It is not commonly talked about, but the fuel that comes out of the idle jets is already mixed with air. Some cars will idle slowly with the throttle shut. 300 rpm is close to stalled,  and the idle jets would bring it a tiny bit slower if they were properly set.

 

I suggest you have a closer look at the bushings. If you can wiggle, and get the throttle further shut, this could be the issue. The throttle plate catches on the bore, and doesn't let it shut the rest of the way. You wouldn't notice this on the bench because there is no return spring attached.

Edited 19 hours ago by Bloo (see edit history)

Check the external linkage for adjustment or binding; also the spring(s).

Maybe even check the engine/tranny mounts and thrust pad if the external linkage seems out of adjustment.

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Took a couple of days off just to come back and look at things fresh...tinkered around a bit with the linkage etc. and got it to idle a little better but still not great.  Now it has a bog coming off idle that wasn't there before...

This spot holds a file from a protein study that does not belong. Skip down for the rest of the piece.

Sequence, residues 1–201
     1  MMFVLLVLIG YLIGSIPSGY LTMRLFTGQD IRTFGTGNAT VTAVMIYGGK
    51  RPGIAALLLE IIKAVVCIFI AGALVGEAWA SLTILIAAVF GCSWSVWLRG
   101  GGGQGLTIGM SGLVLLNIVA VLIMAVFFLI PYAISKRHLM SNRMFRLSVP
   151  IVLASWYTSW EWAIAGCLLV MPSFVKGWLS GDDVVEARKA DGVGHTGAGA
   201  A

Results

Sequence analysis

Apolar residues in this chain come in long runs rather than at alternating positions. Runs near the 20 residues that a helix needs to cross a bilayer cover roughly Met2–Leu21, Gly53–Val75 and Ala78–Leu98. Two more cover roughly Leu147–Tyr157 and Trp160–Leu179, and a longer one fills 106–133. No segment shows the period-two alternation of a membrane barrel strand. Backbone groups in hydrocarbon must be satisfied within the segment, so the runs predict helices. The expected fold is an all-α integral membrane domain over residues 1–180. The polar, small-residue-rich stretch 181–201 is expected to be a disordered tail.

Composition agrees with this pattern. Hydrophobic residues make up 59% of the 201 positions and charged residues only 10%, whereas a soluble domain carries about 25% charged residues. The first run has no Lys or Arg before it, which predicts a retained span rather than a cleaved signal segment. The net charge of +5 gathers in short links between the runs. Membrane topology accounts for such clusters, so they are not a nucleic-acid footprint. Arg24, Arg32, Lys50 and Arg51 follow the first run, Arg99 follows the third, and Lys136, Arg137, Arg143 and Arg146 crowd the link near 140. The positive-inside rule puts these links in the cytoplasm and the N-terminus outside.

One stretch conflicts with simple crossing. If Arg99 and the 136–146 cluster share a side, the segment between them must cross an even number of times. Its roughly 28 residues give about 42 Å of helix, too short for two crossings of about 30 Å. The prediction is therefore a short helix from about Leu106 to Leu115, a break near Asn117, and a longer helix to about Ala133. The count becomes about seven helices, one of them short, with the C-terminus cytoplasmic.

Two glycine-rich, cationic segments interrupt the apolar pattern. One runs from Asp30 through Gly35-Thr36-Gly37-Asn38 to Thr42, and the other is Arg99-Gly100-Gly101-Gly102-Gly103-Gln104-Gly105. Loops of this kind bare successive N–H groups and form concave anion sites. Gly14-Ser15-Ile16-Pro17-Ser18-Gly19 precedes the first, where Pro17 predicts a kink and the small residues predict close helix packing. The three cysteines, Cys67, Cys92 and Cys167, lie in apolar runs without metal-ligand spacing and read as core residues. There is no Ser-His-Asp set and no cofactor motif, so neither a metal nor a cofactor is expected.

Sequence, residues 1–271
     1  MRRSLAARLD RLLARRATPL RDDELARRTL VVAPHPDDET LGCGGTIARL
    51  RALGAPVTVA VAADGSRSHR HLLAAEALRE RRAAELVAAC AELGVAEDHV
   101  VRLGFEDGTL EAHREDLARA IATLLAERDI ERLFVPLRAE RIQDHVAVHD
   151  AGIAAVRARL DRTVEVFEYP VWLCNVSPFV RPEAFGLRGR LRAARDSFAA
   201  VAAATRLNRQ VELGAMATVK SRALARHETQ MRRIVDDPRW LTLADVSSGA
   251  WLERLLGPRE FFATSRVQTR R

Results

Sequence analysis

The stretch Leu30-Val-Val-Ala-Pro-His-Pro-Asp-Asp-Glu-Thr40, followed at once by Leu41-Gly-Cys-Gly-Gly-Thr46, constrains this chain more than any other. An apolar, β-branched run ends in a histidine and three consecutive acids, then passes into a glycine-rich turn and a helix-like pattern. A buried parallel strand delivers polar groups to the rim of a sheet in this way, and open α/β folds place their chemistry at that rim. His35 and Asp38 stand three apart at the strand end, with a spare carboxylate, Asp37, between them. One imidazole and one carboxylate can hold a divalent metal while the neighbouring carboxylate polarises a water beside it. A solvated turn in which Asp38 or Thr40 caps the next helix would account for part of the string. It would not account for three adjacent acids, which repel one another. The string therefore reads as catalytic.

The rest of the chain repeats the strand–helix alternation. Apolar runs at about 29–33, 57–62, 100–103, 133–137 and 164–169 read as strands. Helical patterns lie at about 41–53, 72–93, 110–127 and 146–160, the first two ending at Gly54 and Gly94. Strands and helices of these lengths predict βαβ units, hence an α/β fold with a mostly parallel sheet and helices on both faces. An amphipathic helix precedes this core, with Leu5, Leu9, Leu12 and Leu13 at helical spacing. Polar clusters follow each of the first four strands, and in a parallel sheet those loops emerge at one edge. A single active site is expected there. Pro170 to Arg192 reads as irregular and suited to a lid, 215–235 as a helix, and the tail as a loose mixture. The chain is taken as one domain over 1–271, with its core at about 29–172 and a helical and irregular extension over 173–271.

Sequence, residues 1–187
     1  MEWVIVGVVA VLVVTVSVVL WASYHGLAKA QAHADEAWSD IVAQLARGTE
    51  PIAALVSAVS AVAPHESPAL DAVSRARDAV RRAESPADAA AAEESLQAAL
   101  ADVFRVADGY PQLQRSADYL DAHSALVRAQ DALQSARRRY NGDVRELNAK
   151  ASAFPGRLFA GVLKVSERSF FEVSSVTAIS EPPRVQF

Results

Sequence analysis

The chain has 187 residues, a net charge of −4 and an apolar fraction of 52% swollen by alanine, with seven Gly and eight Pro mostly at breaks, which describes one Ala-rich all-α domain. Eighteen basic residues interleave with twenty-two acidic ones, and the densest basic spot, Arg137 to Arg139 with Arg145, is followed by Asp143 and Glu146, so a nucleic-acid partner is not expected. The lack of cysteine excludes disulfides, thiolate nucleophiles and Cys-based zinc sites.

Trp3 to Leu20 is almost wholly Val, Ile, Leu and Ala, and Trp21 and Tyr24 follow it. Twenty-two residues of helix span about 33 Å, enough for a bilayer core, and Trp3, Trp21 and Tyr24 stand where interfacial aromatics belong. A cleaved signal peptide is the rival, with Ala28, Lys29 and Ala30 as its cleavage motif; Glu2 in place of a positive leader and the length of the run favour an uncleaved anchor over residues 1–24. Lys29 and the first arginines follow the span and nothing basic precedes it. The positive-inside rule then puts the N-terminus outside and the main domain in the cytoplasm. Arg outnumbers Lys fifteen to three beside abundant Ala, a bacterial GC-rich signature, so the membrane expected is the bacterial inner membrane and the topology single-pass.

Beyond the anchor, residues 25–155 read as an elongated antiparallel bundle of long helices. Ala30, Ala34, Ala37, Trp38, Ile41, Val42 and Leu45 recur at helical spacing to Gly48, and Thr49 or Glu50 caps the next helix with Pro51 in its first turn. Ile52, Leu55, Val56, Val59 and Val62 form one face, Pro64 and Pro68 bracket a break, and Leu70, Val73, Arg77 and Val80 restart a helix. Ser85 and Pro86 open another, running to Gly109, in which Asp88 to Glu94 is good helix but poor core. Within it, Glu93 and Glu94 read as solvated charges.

So I'm going to borrow or buy a different tach and vacuum gauge and see what numbers I can get.  I've been using a 1970's Sun setup and I just want to make sure it's not the 40+ year old equipment contributing here.  If I'm getting the same results, then it's back to work

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If it's got a bog off-idle, it can be because the throttle blades are too far open, physically, at your lowest obtainable idle speed.  As things are now.  Or it could be  the accelerator pump not working.

 

You might need to remove the carb from the engine, empty the gas out into a drain pan, then invert the carb and see just how tight the throttle plates "seal" the throttle bore with the idle speed screw backed all the way out.  The vertical slot near the idle screw "hole" in the throttle body, the transition port, should have about .040" of it below the throttle plates at base idle.  If more, it can cause a bog coming off-idle.

 

Please let us know what you find.

 

NTX5467